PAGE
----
Margaret Thatcher statue defaced with hammer and sickle graffiti - weeks after it was egged
A university worker was previously fined for throwing eggs at the statue of Baroness Thatcher
A statue of Margaret Thatcher has been vandalised for the second time in a fortnight.
The statue installed in Grantham for £300,000 has been a controversial topic for residents.
A university worker was £90 after throwing eggs at a statue of Baroness Margaret Thatcher.
And the statue has now been daubed with a Russian hammer and sickle in red spray paint.
Lincolnshire Police confirmed it is treating it as a criminal incident.
Jeremy Webster, who is deputy director at the University of Leicester’s Attenborough Arts Centre, was pictured and filmed throwing the eggs shortly after the memorial’s installation in Grantham, Lincolnshire, on May 15.
The university said it “does not condone defacement” after the incident and said the matter was being addressed in line with its procedures.
Three eggs were thrown at the monument with a cry of “oi” heard after one hit its target.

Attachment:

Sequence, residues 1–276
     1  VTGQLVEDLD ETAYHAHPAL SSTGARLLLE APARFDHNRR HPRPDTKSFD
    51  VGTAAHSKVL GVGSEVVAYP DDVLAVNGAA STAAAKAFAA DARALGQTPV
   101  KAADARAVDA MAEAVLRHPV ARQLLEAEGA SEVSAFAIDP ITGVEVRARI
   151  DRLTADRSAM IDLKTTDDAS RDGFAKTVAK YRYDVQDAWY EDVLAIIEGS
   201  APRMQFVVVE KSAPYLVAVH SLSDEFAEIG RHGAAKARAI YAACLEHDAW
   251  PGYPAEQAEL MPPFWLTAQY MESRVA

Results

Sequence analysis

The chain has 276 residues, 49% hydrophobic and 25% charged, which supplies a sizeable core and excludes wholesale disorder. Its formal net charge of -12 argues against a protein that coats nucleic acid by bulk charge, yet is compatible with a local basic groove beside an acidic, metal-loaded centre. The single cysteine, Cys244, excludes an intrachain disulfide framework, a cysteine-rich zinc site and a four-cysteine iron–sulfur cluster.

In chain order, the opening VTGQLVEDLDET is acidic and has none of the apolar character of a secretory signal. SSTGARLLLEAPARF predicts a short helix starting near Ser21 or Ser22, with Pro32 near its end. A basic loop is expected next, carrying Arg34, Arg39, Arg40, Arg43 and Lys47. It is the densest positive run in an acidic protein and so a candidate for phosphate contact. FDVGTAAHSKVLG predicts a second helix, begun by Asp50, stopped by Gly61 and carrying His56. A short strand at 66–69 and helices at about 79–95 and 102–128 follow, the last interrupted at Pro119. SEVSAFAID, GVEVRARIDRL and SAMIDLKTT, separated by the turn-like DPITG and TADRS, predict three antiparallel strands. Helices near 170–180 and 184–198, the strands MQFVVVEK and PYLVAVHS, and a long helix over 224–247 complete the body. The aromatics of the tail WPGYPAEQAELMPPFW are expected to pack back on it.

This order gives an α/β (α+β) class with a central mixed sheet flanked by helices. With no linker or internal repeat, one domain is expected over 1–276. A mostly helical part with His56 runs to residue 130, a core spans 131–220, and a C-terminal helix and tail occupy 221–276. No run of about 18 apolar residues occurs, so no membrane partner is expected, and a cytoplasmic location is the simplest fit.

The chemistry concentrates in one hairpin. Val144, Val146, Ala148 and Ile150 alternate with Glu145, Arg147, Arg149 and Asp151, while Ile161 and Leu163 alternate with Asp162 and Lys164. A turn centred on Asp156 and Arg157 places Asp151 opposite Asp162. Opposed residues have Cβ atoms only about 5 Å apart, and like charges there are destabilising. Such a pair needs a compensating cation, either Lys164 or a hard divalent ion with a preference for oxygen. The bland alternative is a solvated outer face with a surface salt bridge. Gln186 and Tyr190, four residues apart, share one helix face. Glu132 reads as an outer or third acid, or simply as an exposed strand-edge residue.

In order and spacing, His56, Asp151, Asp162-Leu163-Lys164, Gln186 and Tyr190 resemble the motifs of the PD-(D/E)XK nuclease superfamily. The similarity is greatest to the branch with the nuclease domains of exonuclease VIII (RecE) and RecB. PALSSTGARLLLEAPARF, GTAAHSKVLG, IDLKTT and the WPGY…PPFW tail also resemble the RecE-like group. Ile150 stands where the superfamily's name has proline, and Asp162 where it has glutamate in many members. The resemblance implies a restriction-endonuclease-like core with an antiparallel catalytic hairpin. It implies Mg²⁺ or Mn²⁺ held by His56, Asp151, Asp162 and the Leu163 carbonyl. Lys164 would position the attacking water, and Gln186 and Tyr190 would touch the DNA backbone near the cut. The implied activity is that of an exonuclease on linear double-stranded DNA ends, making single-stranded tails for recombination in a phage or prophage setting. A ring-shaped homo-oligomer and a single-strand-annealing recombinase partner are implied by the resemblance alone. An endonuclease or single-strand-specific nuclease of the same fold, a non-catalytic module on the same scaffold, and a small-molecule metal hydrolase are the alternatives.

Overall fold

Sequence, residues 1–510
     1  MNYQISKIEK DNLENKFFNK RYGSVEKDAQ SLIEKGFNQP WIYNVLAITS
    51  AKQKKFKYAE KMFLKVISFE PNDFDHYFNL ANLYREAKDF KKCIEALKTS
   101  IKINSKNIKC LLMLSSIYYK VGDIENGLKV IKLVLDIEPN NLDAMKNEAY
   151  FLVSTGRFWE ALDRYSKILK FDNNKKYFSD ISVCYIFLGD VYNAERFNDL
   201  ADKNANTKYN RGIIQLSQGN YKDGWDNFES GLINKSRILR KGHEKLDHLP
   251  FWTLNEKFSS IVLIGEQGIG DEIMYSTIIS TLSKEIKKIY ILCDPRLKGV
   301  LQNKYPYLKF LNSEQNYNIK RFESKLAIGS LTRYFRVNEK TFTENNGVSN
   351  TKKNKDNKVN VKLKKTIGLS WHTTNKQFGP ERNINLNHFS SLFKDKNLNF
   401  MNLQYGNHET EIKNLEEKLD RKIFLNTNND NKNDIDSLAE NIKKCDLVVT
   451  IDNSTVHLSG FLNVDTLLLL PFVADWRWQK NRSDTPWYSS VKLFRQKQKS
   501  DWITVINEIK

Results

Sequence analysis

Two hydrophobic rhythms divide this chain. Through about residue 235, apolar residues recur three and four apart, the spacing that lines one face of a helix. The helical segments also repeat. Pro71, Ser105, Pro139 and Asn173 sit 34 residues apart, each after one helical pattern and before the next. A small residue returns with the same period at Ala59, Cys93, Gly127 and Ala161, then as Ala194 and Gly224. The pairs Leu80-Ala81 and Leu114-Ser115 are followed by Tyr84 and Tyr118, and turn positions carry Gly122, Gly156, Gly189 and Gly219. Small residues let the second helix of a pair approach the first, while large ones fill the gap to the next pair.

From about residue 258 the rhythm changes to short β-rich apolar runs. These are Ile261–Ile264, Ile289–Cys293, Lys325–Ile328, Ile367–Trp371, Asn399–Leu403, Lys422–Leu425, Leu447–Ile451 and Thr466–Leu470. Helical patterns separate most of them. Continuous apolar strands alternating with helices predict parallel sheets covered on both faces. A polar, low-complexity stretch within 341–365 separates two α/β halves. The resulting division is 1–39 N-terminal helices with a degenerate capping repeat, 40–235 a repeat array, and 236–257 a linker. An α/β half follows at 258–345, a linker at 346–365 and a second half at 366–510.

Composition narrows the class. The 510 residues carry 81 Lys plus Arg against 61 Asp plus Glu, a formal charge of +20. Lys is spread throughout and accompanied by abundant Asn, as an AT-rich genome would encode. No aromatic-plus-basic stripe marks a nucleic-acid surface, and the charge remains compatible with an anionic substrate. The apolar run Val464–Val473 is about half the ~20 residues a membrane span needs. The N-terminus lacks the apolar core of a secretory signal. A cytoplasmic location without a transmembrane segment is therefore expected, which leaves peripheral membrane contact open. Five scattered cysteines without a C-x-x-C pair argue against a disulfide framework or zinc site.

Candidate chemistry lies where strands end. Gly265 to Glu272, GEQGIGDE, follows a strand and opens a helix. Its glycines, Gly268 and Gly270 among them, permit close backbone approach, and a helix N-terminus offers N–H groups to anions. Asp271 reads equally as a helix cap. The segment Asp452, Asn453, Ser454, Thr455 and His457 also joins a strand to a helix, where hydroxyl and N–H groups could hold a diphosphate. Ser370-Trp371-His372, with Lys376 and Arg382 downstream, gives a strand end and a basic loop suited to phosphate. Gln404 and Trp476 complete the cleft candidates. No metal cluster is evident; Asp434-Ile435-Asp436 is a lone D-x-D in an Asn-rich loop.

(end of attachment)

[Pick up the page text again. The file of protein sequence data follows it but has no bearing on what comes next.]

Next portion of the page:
Lincolnshire Police said they spoke with the 59-year-old and he was given a fixed penalty notice under Section 5 of the Public Order Act.
In a statement, the force said: “We have spoken with a 59-year-old man in relation to an incident involving eggs being thrown at a statue of former prime minister Margaret Thatcher on May 15.
“He has been given a £90 fixed penalty notice under Section 5 of the Public Order Act.
“The statue continues to be monitored by CCTV.”
The statue was lowered into place in the town amid previous threats of “egg throwing” and was booed by passing motorists.
In February 2019, a planning committee unanimously voted in favour of the £300,000 statue – which was originally intended for Parliament Square in Westminster.
Mr Webster was seen holding an egg carton in one hand and preparing to throw an egg from the other shortly after the statue’s installation.
Egg residue and a piece of shell could be seen on the statue’s lower half.
Police turned up at the scene within minutes of the incident.
Two CCTV cameras have been installed around the memorial to combat any threats of vandalism, the local council said.
Reports originally presented to South Kesteven District Council showed the statue was moved to the area due to fears of a “motivated far-left movement… who may be committed to public activism”.
After a large-scale £100,000 unveiling ceremony was approved by the council in 2020, a Facebook group proposing an “egg-throwing contest” at the event attracted interest from more than 13,000 people.
Before planning permission was given to the statue, the only marking of Baroness Thatcher in the town was a plaque on the corner of North Parade and Broad Street to show where she was born.